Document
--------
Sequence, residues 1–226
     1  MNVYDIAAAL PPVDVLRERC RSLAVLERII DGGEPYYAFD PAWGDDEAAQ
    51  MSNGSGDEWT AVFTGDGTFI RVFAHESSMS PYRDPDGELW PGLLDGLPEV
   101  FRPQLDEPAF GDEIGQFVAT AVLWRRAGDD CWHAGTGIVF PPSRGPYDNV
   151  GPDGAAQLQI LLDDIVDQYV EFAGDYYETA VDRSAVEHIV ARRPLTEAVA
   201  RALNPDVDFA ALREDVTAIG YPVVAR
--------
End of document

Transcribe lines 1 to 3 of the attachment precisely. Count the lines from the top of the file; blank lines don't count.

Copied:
Sequence, residues 1–226
     1  MNVYDIAAAL PPVDVLRERC RSLAVLERII DGGEPYYAFD PAWGDDEAAQ
    51  MSNGSGDEWT AVFTGDGTFI RVFAHESSMS PYRDPDGELW PGLLDGLPEV